Mothercare’s overexpansion and loss of market share to online retailers and supermarkets is behind its tragic fall.
The retailer is close to agreeing a rescue plan with investors, which will see further store closures and an attempt to raise further funds from investors. An increasingly competitive retail environment and overexpansion during the boom years have contributed to the company’s decline.
After continuous quarterly financial releases, it has left shareholders consistently disappointed. Over the Christmas period, the 26 weeks leading up to Christmas resulted in a -2.2% decline in group sales from its most popular stores compared to the same period last year. Its most recent Q4 release showed total UK sales were down 5.6%.
While the key driver behind the decline in revenue is Mothercare’s store closures, its like-for-like performance highlights problems it is facing across all of its stores. It’s an uncomfortable start for new CEO David Wood, who took the helm and insisted on change.
Competition has been eating up Mothercare market share
The UK baby goods market has become much more competitive. There are a host of other firms offering products at much lower prices and Mothercare has failed to keep up with consumer trends. Online retail giants, particularly Amazon, are able to match most of the product Mothercare stocks, and perhaps can list them at much cheaper price points.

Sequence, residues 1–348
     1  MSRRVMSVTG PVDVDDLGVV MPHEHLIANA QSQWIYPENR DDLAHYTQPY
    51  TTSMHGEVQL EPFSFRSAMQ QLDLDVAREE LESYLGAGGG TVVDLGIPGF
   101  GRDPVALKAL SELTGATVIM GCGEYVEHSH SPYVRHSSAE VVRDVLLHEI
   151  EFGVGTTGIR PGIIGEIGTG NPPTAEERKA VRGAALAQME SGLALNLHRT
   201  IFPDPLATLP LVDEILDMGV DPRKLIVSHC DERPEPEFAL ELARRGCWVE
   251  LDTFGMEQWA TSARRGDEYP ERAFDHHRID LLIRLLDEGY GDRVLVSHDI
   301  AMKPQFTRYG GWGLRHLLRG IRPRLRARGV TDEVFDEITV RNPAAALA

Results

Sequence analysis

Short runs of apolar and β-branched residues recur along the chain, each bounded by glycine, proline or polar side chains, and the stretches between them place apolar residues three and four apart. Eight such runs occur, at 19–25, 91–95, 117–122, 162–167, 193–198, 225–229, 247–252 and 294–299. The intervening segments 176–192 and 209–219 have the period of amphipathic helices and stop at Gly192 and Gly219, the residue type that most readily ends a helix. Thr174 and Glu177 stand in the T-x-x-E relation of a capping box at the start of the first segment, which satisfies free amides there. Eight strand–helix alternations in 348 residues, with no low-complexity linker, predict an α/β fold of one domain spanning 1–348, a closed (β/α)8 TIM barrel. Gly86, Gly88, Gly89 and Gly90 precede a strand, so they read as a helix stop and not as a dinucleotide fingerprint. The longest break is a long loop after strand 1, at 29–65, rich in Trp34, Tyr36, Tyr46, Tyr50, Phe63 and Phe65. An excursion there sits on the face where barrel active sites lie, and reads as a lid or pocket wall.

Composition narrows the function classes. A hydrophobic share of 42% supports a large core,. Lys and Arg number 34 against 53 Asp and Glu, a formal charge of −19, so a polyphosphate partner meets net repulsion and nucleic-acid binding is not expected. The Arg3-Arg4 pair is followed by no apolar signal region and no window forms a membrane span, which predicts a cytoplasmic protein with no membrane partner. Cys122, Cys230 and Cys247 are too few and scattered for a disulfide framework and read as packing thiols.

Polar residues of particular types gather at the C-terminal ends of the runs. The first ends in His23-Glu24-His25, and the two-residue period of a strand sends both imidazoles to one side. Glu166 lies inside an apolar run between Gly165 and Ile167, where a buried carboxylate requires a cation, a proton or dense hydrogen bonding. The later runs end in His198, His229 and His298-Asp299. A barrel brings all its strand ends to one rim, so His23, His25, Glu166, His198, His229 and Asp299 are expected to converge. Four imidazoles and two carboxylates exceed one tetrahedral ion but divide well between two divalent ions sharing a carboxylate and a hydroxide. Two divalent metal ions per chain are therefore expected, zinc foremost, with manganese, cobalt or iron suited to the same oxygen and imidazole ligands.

Even on the high street, Mothercare faces stiff competition from supermarkets that sell their own lines such as Asda through its George range and Tesco through F&F. Fashion retailers like Primark and H&M also now have popular babywear ranges, while Amazon and Argos dominate the toys market.
Overexpansion led to too many stores
Mothercare is one of many retailers that have fallen into the trap of expanding too fast, and has too many under-performing stores. Over the last four years specifically, it has reduced its stores from 200 outlets to 137, but even now it is still struggling to pay its rents, with many stores signed up to 25-year leases. The rescue plan could go some way to save some of these stores, but looking at the scale of what has to be done, we could be some time away until any gains materialise.
Earlier this year, Mothercare announced that it would cut its store numbers from 140 to 80, in response to the positive trend in online shopping. Wood stated: “My immediate priority is to ensure Mothercare is put back on a sound financial footing and to improve its financial performance. We continue to make good progress in reducing the size of our UK store estate in response to changing consumer preferences”.
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